Chancellor George Osborne visited the Yorkshire Sculpture Park as work began to install hundreds of memorial ceramic poppies.
The poppy sculptures, which went on display at the Tower of London to honour soldiers who died in the First World War, will be displayed at the park from September 5 until January 10.
And the West Bretton park is one of only three venues to exhibit a section of the Blood Swept Lands and Seas of Red installation this year.
The arch segment, also known as the wave, is being installed over a bridge at the park’s historic Lower Lake.
Mr Osborne said: “Each one of these poppies, made in Derby and displayed at the Tower London last year, represents a British and Commonwealth soldier who answered the call from their country a century ago and made the ultimate sacrifice. But not everyone who wanted to see them could come to London, so I agreed to provide £550,000 of support to help take part of this extraordinary display on a tour around the country.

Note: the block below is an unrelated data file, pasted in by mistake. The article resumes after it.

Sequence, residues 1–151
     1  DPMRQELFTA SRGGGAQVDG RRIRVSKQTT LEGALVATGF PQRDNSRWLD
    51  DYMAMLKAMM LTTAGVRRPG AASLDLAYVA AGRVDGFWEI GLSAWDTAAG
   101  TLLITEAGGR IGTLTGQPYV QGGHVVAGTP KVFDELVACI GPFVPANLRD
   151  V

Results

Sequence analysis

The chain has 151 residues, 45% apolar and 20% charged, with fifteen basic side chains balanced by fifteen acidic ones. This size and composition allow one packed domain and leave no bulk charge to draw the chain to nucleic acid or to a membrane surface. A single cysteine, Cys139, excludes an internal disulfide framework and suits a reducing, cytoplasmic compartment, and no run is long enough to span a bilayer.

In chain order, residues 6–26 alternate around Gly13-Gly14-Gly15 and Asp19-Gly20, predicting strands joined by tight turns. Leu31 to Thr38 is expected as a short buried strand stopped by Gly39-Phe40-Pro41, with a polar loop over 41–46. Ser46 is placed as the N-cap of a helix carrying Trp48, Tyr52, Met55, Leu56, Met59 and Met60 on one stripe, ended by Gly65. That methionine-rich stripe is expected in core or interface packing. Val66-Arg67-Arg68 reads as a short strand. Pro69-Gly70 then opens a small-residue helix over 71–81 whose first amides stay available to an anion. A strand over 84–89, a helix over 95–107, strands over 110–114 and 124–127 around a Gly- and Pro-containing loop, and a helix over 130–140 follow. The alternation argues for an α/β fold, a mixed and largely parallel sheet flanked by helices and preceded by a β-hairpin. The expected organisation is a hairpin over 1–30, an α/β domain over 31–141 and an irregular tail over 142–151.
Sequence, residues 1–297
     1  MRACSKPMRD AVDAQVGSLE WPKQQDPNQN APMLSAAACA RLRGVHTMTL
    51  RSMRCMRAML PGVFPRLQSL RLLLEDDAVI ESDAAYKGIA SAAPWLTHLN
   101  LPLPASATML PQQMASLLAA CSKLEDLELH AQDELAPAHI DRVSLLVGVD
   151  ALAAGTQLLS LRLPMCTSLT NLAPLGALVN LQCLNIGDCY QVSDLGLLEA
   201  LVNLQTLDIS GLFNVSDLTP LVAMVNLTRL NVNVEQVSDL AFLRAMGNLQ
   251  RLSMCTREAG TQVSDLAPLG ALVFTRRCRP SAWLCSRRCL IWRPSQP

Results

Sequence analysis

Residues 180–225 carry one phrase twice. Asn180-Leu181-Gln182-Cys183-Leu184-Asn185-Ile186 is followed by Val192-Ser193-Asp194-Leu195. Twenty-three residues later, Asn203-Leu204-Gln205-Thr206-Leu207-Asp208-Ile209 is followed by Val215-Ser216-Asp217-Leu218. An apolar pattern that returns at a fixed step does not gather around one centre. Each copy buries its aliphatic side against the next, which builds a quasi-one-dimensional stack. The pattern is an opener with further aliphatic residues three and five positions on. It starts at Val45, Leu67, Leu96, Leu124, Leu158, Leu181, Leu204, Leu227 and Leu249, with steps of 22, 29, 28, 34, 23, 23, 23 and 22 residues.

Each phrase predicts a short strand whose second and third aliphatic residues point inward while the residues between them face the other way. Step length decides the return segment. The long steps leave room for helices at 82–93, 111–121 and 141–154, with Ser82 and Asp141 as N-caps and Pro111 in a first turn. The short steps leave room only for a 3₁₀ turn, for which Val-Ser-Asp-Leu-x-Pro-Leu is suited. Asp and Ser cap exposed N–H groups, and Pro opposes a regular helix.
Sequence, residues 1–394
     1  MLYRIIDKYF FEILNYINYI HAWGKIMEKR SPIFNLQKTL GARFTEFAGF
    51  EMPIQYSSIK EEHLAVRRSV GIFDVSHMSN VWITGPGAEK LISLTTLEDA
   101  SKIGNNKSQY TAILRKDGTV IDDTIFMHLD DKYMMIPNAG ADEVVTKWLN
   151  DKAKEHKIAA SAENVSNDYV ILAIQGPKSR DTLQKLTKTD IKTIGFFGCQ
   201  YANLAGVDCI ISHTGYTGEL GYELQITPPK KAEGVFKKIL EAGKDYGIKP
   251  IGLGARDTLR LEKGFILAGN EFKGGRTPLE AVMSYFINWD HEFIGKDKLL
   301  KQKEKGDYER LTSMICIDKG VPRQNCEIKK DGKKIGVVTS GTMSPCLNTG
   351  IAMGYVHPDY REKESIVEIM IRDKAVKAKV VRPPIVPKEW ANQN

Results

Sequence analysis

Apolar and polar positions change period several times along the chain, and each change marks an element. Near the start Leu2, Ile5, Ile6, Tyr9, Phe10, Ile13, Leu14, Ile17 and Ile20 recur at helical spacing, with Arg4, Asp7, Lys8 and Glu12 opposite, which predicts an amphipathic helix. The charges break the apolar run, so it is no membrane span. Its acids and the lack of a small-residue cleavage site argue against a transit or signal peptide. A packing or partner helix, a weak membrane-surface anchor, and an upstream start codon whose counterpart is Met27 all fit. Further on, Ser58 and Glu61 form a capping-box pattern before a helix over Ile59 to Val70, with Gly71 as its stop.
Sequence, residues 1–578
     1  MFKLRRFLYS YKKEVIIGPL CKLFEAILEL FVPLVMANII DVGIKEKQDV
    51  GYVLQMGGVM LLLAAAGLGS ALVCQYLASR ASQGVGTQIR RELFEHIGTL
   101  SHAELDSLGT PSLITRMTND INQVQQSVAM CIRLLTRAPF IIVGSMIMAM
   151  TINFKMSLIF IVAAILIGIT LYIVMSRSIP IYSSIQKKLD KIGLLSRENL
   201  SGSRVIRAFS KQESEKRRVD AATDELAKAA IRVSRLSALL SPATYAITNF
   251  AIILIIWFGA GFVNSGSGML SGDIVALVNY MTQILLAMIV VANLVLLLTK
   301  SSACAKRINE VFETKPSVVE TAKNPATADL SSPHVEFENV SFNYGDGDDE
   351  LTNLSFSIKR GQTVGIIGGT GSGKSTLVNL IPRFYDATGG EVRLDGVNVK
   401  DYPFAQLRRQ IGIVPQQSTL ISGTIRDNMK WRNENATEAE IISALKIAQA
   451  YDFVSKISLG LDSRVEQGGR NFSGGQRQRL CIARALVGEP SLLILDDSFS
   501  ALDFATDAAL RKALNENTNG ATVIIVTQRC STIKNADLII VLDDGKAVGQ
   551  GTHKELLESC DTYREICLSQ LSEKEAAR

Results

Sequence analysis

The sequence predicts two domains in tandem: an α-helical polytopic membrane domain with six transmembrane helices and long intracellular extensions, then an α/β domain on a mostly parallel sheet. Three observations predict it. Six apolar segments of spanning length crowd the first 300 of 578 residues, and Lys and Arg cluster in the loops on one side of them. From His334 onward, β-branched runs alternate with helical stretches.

“I’m delighted that people here in Yorkshire, as well as others across the country, will be able to see these fantastic displays and pay their respects to those who sacrificed everything to protect British freedoms.”
The concept of Blood Swept Lands and Seas of Red was created by artist Paul Cummins, who named the display after a line written by a soldier who died in Belgium.
It featured 888,246 poppies, one to honour every death in the British and Colonial forces during the war.
The installation, designed by Tom Piper, was displayed at the Tower of London from August to November last year.
Peter Murray YSP’s founding and executive director, said: “We’re very pleased to help extend the life and impact of Wave by offering a completely different setting for the public to enjoy this iconic work.
“The sculpture will rise from Yorkshire Sculpture Park’s historic lake, surrounded by 500 acres of stunning Yorkshire countryside and woodland. The calmness and nature of the park will offer visitors an ideal space for contemplation and reflection.”
Another part of the original installation, known as the Weeping Window, go on Display in Northumberland and Liverpool as part of the tour, organised by 14-18 NOW.
Most of the poppies, handmade in Derby, were sold to members of the public, raising millions of pounds for six military charities.
Wave and the Weeping Window, which together have more than 10,000 poppies, were bought for the nation by charities Backstage Trust and the Clore Duffield Foundation, who gifted the displays to 14-18 Now and the Imperial War Museum.